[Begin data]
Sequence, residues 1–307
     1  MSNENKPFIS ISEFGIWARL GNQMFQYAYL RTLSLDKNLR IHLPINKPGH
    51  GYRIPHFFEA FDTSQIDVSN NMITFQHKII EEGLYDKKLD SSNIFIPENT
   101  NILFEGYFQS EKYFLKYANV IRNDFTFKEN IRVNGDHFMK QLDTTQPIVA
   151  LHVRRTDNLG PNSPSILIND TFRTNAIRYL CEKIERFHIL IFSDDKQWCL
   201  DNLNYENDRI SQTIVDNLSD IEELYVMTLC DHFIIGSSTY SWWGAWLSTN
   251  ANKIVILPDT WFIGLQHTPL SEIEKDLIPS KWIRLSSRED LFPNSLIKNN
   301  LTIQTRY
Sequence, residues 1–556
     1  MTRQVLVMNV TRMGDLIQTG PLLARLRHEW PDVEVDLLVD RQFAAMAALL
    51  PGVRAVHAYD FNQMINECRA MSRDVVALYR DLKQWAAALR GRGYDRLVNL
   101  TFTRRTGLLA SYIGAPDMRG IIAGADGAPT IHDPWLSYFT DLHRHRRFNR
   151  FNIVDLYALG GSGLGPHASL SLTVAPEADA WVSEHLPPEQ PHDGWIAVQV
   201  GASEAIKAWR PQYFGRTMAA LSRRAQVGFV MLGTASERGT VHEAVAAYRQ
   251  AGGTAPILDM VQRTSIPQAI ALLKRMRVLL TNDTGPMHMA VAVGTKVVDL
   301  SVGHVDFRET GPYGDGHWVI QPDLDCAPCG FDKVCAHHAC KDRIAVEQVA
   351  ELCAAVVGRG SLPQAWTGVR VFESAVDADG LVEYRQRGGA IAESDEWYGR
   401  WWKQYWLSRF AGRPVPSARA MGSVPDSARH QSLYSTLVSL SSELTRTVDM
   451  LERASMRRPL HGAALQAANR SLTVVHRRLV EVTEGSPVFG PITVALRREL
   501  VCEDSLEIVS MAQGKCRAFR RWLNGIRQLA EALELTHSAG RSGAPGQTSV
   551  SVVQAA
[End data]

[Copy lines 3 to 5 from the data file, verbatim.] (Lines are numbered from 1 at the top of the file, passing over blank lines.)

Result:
    51  GYRIPHFFEA FDTSQIDVSN NMITFQHKII EEGLYDKKLD SSNIFIPENT
   101  NILFEGYFQS EKYFLKYANV IRNDFTFKEN IRVNGDHFMK QLDTTQPIVA
   151  LHVRRTDNLG PNSPSILIND TFRTNAIRYL CEKIERFHIL IFSDDKQWCL